00:20:31   There were Allison Sheridan, who's been on a bunch of episodes of Clockwise, was there

00:20:35   to talk about sort of codeless automation, ways to use tools like Hazel. And actually

00:20:40   the Hazel developer was there too. I got to talk to him. It was a real MacPower users

00:20:44   moment when David Sparks was at a table with the Hazel developer and also the guy who was

00:20:49   one of the lead workflow developers who's now at Apple.

00:20:52   Oh, my. It was like all the automation, all the Mac power users and all the automation

00:20:57   is happening right here. So it was it was that kind of a kind of a thing. And the capper

00:21:02   of the night was that I brought five of the speakers on stage. And we did we had a conversation

00:21:09   on on stage about sort of what's important about automation and where automation on Apple's

00:21:14   platforms is going in the future and a little bit about what they talked about during the

00:21:19   during the day. So the last part of this show is going to be that. I recorded it and hosted

00:21:28   it, and so the last part of today's show will be a conversation with those people about

00:21:36   automation and utilities and the Mac and iOS and why it's important and how people can

00:21:43   use it and where all of that is going.

00:21:45   So I guess first off, I'll just extend my thanks to the Command D conference for allowing

00:21:50   us to use the audio, right?

00:21:52   Yeah, yeah.

00:21:53   You know, it was a thing that was put on at the show, so...

00:21:55   It was their idea.

00:21:56   There was like, "We want you to do a podcast at the end of the show."

00:21:59   And I said, "Well, we're doing a lot of travel and weird things because of course it is the

00:22:04   upgrade Summer of Fun."

00:22:05   Summer of Fun!

00:22:06   See, there it is.

00:22:07   It's already here.

00:22:09   And so I could actually do that and make that the next episode of Upgrade.

00:22:13   But it was their idea from the start of like, come and do a podcast talking to people at

00:22:17   the conference.

00:22:19   So yes, it was great by Sal and Naomi, who this was their first conference that they

00:22:24   put together.

00:22:25   They had some help from Paul Kent, who used to do Macworld Expo.

00:22:27   And it was a fun day too.

00:22:29   It was good.

00:22:30   The room was full of people who were really enthusiastic about automation topics.

00:22:34   And it ranged from, like I said, people who write tools that do this all the way down

00:22:39   to people who came because they wanted to learn how to do it and improve their efficiency

00:22:44   on their Mac or their other iOS device.

00:22:46   So just a kind of a meta talk about the conference itself, like how was it made up? What were

00:22:52   the attendees like? What kind of skill levels were they?

00:22:56   It really was all over the place. There were a couple of doctors there that I know people

00:22:59   were saying that they talked to who were very much like, "I want to do more of this to automate

00:23:03   my life, my practice, my personal stuff. It really ran the gamut from there all the way

00:23:10   up to, like I said, the developer of Hazel was there. And there was some great stuff.

00:23:17   One of the last events before the podcast recording was kind of a bake-off where it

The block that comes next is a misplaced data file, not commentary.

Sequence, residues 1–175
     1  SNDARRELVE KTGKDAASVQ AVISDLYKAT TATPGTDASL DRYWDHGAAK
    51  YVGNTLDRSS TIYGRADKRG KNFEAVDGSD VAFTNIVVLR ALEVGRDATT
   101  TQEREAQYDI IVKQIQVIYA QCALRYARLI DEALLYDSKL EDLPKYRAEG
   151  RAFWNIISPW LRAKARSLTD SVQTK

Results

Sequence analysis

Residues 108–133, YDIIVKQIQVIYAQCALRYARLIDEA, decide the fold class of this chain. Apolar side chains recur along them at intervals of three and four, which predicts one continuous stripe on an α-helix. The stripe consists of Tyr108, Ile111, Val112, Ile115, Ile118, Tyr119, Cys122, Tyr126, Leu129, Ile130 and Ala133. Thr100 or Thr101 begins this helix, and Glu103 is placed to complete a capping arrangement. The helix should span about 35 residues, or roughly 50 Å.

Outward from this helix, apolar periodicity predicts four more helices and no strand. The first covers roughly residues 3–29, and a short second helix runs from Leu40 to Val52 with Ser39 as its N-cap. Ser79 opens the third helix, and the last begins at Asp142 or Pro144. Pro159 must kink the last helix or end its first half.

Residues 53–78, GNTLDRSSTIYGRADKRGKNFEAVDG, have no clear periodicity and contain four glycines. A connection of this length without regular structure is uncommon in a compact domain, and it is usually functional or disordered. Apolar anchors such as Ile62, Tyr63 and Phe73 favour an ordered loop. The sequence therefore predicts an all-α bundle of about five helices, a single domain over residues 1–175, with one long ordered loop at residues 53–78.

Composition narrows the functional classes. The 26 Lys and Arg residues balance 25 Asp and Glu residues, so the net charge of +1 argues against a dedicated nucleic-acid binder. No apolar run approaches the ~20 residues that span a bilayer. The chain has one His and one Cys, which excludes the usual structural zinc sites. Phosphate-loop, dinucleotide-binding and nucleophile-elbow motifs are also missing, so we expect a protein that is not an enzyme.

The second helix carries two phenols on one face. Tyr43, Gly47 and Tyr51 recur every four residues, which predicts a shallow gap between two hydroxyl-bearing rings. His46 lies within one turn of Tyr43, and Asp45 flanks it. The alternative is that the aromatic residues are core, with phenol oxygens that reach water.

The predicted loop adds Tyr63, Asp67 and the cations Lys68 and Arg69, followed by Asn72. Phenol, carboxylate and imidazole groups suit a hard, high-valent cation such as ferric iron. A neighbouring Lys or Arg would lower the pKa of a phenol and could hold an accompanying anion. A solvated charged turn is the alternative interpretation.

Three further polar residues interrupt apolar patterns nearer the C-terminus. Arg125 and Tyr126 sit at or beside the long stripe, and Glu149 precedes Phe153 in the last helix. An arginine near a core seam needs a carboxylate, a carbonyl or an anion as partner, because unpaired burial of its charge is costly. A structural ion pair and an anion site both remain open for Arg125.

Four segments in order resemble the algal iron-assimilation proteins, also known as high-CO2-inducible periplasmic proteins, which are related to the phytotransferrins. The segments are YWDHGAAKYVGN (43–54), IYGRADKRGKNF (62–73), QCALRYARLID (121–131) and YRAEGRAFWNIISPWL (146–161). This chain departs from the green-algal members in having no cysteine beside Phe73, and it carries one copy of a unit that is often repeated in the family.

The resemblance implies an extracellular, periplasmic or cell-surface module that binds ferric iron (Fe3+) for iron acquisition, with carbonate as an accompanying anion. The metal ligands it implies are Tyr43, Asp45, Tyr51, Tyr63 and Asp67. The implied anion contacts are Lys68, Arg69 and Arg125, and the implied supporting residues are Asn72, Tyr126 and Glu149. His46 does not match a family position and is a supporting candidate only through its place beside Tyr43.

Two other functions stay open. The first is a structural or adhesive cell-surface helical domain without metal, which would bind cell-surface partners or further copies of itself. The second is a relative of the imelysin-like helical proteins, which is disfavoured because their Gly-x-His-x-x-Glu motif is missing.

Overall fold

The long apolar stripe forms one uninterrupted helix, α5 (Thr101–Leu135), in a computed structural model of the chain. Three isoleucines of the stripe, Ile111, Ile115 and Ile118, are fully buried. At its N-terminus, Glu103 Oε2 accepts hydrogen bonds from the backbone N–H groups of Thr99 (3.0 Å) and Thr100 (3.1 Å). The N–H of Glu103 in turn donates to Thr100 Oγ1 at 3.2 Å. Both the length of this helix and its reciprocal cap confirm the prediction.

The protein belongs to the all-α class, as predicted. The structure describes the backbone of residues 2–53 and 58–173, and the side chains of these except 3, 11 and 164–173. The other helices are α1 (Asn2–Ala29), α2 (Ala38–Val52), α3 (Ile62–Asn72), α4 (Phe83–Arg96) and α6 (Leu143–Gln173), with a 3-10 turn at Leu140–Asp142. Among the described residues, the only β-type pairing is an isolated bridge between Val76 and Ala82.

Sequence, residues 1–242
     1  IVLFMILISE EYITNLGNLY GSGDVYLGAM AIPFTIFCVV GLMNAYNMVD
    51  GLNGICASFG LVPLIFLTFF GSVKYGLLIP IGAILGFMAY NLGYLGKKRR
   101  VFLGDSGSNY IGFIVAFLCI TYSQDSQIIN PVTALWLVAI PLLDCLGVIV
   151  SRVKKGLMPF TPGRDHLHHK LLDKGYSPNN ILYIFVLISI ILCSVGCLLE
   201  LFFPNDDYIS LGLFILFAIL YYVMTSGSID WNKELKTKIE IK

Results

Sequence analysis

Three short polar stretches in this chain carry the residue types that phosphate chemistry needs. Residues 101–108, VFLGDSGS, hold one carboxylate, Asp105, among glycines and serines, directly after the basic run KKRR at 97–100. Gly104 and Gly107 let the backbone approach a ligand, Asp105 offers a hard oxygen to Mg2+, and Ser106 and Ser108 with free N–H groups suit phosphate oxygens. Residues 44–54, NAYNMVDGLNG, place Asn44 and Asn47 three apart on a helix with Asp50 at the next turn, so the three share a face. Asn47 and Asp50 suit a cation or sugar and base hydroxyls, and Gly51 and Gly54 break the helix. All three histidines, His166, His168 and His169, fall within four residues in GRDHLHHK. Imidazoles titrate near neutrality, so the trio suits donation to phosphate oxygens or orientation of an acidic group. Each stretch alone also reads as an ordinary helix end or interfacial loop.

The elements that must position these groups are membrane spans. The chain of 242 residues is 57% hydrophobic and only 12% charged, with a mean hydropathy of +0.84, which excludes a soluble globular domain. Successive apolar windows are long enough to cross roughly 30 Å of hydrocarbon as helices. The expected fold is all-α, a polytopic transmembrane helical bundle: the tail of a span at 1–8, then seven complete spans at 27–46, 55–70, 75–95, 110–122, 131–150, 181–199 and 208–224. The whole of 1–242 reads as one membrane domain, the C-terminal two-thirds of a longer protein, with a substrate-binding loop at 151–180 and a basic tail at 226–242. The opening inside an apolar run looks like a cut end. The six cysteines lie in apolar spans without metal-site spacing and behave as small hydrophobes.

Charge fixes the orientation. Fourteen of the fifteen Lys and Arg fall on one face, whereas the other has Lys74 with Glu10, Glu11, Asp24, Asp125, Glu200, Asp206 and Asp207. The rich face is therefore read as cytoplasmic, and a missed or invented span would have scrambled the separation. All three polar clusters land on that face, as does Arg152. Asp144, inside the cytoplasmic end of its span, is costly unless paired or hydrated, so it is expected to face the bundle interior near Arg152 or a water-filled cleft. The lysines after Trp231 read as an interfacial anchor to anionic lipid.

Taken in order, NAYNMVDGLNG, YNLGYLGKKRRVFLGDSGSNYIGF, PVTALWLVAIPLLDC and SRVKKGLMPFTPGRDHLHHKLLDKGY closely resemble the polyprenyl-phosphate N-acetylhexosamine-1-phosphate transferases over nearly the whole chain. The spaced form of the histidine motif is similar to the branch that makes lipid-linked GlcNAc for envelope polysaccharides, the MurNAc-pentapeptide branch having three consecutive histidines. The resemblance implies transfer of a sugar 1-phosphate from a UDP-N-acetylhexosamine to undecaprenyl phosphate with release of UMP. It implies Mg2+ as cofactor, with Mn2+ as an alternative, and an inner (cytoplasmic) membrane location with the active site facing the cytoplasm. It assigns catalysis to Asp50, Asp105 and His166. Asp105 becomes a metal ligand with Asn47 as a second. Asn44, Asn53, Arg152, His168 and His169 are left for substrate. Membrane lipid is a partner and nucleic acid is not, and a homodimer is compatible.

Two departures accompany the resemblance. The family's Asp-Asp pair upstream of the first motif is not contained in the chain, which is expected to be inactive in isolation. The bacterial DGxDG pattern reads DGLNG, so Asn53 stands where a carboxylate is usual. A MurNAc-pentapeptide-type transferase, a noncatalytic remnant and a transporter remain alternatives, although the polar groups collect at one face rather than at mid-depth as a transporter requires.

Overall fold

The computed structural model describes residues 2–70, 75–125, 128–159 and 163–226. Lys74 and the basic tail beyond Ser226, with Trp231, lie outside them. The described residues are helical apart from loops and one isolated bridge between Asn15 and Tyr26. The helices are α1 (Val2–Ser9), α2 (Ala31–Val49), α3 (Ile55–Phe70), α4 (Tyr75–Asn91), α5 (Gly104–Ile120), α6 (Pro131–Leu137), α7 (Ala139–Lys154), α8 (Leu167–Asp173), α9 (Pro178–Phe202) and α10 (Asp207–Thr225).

00:23:22   was basically just people showing cool automation things they did. And I went up and showed

00:23:26   that I've got a bunch of workflow stuff that lets me do photo uploads from iOS. I mean,

00:23:31   nothing at the Federico level, but it was, you know, I have a live blog workflow that

00:23:36   were that resizes an image puts a watermark on it, uploads it and puts the HTML to refer

00:23:43   to it on my clipboard so that I can paste it into the story I'm writing. Just, you know,

00:23:49   it's pretty cool stuff and stuff that I could do on my Mac, but I can do on iOS. Now there

00:23:52   was a guy there who was able to take pictures on his camera. And they were on the web, like

00:24:00   his SLR. I was like, how did that happen? And it was like a really amazing magic trick

00:24:07   because in the end he has a camera and there are like three of them out there, I think

00:24:11   now, that one of the things it will do, it's Wi-Fi, it's a Wi-Fi enabled camera and it

00:24:16   has support for SFTP. So basically when you take a picture, it just FTPs the file up to

00:24:22   a server at his house that has Hazel watching it and then Hazel like resizes it and posts

00:24:28   it on Dropbox and puts it in iCloud photo library and puts it in Google

00:24:31   Photos and tags it and sends him a text with the photo on his phone saying that

00:24:37   it's uploaded and then he can take the photo off his phone from messages and

00:24:42   share it if he wants. It was just amazing and like so it was some of it

00:24:46   was stuff like that it's just like see the stuff that you can do on your phone

00:24:49   on your Mac whatever a lot of I got a lot of good ideas and I feel like

00:24:54   people at different levels that's the funny thing is even if you're somebody

00:24:57   who does a lot of this, then like Brett Terpstra was there and some of the stuff that he does,

00:25:01   he's just like, "Oh, yeah, did you know you could do this thing?" And I'm like, "No, I did not know

00:25:05   that." Like, write that down. Just, there's so much here, but it sort of gets spread by word of

00:25:12   mouth a lot of times. So this was kind of a fun way to spread that kind of information about,

00:25:16   "Did you know you could do this thing?" or "Have you ever thought?" One of the points, and then we

00:25:20   make this in the conversation that people are going to hear at the end of this episode, is this